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1 Lord. His love and wisdom,
Approv’d so to your majesty, unay plead
For amplest credence.
King. He hath arm'd our answer,
And Florence is denied before he comes :
Yet, for our gentlemen, that unean to see
The Tuscan service, freely have they leave
To stand on either part.
2 Lord. It may well serve
A nursery to our gentry, who are sick
For breathing and exploit.
King. What's he comes here f

Enter BERTRAM, LAF eu, and PA Rolles.

1 Lord. It is the count Rousillon, my good
Young Bertram. (lord,
King. Youth, thou bear'st thy father's face;
Frank nature, rather curious than in haste,
Hath well compos'd thee. Thy father’s moral
parts
May'st thou inherit too ! Welcome to Paris.
}, r. My thanks and duty are your majesty’s.
Aing. I would I had that corporal soundness
now,
As when thy father, and myself, in friendship
First tried our soldiership ! He did look san
Into the service of the time, and was
Discipled of the bravest : he lasted long ;
But on us both did haggish age steal on,
And wore us out of act. It much repairs * me
To talk of your good father: In his youth
He had the wit, which I can well observe
To-day in our young lords; but they may jest,
Till their own scorn return to them unnoted,
Ere they can hide their levity in honour.
So like a courtier, contempt not bitterness
Were in his pride or sharpness; if they were,
His equal had awak'd then ; and his honour,
Clock to itself, knew the true inimute when
Exception bid him speak, and, at this time,
His tongue obey'd hist band : who were below
He used as creatures of another place ; [hilu
And bow’d his eminent top to their low ranks,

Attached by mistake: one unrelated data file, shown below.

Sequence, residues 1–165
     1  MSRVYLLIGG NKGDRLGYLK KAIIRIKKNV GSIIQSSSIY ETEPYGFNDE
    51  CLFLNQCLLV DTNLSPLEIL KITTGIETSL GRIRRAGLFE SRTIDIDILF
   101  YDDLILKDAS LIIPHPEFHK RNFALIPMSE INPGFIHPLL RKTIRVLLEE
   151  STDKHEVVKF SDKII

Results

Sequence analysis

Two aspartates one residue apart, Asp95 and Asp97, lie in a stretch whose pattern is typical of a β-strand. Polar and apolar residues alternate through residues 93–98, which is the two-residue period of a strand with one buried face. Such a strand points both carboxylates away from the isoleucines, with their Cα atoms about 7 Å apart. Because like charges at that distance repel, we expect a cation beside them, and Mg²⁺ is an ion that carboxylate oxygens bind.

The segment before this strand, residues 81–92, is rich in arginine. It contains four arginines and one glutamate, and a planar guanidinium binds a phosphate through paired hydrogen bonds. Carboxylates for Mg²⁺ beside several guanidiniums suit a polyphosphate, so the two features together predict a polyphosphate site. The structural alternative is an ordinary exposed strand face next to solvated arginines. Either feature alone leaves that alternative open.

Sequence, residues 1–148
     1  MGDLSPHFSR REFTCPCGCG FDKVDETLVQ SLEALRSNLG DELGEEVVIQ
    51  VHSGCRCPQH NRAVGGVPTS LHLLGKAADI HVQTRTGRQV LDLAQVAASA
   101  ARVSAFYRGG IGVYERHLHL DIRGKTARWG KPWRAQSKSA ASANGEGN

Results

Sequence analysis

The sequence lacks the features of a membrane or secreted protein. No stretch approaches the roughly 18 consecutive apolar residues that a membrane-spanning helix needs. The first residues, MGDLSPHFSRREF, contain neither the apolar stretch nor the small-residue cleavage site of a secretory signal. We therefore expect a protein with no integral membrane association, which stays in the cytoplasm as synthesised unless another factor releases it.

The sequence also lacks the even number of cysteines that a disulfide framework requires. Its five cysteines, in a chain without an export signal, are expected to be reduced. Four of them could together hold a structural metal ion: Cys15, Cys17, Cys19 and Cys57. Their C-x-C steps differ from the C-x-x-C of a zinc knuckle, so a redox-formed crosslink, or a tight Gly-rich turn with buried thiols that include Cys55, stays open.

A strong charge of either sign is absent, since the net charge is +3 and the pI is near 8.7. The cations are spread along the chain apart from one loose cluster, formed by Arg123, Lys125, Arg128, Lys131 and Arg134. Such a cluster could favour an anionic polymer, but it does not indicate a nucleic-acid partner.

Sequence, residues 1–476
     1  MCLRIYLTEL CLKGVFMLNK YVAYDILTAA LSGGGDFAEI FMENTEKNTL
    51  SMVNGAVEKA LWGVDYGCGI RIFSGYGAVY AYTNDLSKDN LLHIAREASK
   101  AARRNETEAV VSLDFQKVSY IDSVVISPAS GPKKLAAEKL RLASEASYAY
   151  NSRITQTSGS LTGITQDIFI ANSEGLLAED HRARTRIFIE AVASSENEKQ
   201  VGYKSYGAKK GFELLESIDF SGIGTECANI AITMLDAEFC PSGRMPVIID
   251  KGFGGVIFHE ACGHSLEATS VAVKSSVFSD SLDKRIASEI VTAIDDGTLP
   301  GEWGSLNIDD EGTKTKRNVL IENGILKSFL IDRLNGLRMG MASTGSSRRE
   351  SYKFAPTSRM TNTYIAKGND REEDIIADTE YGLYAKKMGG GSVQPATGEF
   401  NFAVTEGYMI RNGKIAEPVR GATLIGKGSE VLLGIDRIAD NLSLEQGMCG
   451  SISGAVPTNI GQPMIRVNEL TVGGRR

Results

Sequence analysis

Making them proud of his humility,
In their poor praise he humbled : Such a man
Misht be a copy to these younger times;
which, follow’d well, would demonstrate them
But goers backward. [now
Ber. His good remembrance, Sir,
Lies richer in your thoughts, than on his tomb ;
So in approof: lives not his epitaph,
As in your royal speech.
King. 'Would, I were with him He would
always say,
(Methinks, I hear him now ; his plausive words
He scatter'd not in ears, but grafted them,
To grow there, and to bear,J-Let me not live, -
Thus his good inelancholy oft began,
On the catastrophe and beel of pastine,
When it was out, - Let me not lite, quoth he,
After my flame tacks oil, to be the snuff
Of younger spirits, whose upprehensite senses
All but new things disdain ; whose judgments
are
Mere fathers of their garments ; $ whose con-
stancies
Expire before their fashions :—This he wish'd.
I, after him, do after him wish too,
Since I nor wax nor honey can bring home,
I quickly were dissolved from my hive,
To give some labourers room.
2 Lord. You are lov'd, Sir ;

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count, Since the physician at your father's died ? He was inuch fam'd. Ber. Some six months since, my lord. King. If he were living, I would try him yet;